High school dropout rates have hovered near 30 percent for the past three decades, with those who do not earn a diploma—who are disproportionately low-income and minority students—more likely to face various social, economic, and health challenges over their lifetimes. The U.S. dropout rate affects not only individuals’ lifetime earning potential, but also the nation’s economic effectiveness.
Research has shown that key interventions, which would require commitment at both the federal and state levels, can boost high school graduation rates. All states should raise the minimum school-leaving age to eighteen. This step should be complemented with new strategies to reengage at-risk youth early on, including outreach to parents, targeted mentoring and tutoring programs, high expectations, and expansion of promising alternative education programs such as career academies.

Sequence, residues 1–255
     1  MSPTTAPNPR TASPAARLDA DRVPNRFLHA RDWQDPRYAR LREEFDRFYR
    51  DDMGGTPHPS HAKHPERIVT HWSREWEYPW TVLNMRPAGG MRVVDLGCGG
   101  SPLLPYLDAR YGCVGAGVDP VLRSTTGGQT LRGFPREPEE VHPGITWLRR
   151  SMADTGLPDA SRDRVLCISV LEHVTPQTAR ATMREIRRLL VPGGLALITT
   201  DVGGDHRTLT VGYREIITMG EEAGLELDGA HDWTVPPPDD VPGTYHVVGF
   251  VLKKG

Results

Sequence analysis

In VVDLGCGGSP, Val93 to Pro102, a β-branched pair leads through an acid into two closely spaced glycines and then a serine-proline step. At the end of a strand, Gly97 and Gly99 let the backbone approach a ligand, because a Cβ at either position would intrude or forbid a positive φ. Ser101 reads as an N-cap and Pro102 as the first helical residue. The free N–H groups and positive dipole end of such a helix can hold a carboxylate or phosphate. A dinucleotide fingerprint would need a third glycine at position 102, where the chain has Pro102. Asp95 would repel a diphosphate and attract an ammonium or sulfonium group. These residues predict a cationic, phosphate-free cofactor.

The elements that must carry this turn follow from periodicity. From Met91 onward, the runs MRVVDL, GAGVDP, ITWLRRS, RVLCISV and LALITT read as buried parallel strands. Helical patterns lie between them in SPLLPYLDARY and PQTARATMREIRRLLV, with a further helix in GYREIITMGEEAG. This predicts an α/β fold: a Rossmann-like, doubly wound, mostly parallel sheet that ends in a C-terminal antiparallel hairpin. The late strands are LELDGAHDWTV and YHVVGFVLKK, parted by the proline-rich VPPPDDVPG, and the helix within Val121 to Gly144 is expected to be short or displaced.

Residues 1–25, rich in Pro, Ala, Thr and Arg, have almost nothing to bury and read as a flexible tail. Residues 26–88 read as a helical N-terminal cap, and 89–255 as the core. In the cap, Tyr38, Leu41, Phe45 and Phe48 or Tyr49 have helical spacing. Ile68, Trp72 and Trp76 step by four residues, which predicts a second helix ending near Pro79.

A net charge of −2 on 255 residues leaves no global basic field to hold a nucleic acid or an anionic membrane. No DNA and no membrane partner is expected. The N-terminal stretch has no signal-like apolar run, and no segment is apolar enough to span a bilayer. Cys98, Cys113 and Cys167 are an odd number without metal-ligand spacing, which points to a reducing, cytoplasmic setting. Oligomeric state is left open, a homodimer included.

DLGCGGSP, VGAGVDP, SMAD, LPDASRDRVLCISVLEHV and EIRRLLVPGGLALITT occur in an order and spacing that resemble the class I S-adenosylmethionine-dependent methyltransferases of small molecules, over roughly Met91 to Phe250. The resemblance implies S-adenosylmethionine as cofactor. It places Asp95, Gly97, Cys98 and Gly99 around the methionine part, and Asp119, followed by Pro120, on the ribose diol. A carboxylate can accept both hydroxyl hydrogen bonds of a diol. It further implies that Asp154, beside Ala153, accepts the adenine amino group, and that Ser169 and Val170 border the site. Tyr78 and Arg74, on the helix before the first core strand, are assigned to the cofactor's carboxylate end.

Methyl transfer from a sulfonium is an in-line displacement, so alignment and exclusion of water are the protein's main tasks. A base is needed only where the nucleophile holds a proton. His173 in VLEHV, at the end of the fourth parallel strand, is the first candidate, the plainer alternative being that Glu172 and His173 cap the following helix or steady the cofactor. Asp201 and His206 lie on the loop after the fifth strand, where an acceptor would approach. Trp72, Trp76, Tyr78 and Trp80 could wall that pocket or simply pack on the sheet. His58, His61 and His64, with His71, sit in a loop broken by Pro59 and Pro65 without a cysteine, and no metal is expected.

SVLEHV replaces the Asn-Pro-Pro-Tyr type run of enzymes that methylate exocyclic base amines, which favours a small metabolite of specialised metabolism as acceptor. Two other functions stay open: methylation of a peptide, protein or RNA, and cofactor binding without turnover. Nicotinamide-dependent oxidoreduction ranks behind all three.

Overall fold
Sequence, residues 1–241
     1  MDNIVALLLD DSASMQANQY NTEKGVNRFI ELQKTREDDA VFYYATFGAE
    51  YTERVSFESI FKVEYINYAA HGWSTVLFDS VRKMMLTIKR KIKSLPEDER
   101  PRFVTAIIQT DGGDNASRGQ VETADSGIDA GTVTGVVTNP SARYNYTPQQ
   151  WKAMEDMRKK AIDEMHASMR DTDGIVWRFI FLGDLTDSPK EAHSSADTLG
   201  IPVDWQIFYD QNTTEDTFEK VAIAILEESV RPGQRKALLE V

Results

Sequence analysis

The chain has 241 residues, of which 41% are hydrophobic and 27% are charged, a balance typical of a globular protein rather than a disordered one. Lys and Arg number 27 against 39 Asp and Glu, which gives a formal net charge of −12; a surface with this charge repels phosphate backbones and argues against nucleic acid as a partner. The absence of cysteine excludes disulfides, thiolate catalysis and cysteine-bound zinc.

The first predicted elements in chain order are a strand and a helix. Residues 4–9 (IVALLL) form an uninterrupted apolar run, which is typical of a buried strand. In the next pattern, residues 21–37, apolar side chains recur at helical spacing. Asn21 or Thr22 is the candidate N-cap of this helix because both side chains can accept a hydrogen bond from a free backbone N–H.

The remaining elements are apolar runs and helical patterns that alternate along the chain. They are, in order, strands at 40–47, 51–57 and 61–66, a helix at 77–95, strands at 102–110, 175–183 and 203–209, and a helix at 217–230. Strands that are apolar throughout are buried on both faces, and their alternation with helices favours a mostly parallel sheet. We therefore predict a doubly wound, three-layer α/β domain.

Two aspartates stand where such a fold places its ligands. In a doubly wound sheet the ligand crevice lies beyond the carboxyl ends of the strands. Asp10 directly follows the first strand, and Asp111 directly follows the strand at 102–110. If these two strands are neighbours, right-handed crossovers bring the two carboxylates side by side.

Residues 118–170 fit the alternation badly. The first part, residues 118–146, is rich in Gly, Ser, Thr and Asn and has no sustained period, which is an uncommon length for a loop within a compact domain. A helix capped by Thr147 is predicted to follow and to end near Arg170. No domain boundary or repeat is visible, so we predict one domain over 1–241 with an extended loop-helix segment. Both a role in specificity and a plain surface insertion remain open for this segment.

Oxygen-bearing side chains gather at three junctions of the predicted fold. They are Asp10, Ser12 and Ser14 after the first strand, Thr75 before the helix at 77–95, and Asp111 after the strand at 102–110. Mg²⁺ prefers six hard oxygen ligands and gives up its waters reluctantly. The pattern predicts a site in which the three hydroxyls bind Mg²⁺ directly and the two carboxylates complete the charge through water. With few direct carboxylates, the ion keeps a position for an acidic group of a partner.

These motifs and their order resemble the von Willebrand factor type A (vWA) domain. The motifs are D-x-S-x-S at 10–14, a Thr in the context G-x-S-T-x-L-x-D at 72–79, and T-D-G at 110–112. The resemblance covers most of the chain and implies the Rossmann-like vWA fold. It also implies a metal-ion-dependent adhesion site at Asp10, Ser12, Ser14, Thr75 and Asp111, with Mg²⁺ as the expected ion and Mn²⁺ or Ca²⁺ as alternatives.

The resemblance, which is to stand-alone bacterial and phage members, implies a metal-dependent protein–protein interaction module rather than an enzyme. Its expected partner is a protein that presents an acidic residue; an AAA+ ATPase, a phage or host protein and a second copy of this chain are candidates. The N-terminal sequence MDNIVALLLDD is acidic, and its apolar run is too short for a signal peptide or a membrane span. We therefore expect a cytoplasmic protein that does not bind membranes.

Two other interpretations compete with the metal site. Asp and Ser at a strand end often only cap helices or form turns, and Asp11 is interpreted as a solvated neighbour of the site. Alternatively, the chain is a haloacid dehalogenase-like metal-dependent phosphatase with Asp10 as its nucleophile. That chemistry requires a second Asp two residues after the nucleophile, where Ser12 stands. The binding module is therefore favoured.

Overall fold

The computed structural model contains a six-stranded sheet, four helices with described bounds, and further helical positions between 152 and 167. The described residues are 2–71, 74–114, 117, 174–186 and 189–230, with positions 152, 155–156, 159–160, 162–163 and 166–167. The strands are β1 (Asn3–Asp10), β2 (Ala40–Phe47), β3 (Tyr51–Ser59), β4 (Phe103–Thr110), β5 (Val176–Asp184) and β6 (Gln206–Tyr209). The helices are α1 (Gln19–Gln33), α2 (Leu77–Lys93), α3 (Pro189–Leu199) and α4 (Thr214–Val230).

High school dropouts fare substantially worse than their peers on a wide variety of long-term economic outcomes. On average, a dropout earns less money, is more likely to be in jail, is less healthy, is less likely to be married, and is unhappier than a high school graduate. But despite this growing education gap, dropout rates have remained mostly unchanged over the past three decades. This problem disproportionately affects low-income and minority students: among these populations, nearly half of all individuals do not graduate with their class. This paper presents a plan to increase the high school graduation rate. A key element of the proposal is for all states to increase their minimum school-leaving age to eighteen. In many studies, this intervention has been found to have a significant positive impact on several long-term outcomes. The proposal also calls for more resources for enforcement of new and existing compulsory-schooling laws, to maximize the impact of the policy change. More effort is also needed to keep students engaged in school, even at an early age. If states invest in effective support programs, they can further increase graduation rates and reduce future costs of enforcing compulsory-schooling policies. All of these interventions should be implemented with the goal of strengthening America’s primary education system to promote college attendance and improve career outcomes among America’s youth.